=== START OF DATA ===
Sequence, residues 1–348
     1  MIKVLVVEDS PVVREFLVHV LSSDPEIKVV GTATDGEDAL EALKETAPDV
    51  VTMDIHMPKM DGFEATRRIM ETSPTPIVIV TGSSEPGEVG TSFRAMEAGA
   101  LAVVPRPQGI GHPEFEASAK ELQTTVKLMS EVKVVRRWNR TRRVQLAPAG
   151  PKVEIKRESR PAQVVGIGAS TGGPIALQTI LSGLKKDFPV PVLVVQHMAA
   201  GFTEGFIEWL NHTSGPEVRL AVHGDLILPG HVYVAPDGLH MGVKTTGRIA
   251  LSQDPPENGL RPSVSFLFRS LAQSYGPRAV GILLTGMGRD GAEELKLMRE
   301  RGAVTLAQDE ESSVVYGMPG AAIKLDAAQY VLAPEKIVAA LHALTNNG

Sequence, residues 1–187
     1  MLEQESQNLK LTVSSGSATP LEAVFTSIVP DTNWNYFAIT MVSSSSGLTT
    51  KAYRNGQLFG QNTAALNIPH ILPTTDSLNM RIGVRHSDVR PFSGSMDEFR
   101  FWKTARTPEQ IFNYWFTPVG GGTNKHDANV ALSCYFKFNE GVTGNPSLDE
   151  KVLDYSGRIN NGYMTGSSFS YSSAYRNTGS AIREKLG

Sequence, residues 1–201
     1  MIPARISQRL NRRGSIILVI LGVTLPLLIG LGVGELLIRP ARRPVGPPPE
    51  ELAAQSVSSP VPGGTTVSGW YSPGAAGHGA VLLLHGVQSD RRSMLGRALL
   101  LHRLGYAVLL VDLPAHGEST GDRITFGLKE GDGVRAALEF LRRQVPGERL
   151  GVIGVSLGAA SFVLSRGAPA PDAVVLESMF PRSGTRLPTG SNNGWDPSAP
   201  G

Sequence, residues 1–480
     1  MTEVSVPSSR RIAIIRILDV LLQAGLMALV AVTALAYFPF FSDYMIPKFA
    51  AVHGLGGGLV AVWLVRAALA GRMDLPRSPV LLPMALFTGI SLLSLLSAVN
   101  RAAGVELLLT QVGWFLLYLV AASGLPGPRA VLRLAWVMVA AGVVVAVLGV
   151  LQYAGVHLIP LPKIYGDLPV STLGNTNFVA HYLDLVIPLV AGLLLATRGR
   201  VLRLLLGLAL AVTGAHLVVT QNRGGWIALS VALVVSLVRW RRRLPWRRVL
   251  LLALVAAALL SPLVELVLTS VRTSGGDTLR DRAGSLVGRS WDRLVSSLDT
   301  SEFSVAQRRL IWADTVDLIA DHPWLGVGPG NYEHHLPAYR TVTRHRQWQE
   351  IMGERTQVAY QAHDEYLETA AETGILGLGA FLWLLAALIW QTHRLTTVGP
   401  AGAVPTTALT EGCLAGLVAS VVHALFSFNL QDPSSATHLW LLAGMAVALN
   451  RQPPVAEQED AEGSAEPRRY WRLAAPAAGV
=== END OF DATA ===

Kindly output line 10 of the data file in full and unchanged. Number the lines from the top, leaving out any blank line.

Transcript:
     1  MLEQESQNLK LTVSSGSATP LEAVFTSIVP DTNWNYFAIT MVSSSSGLTT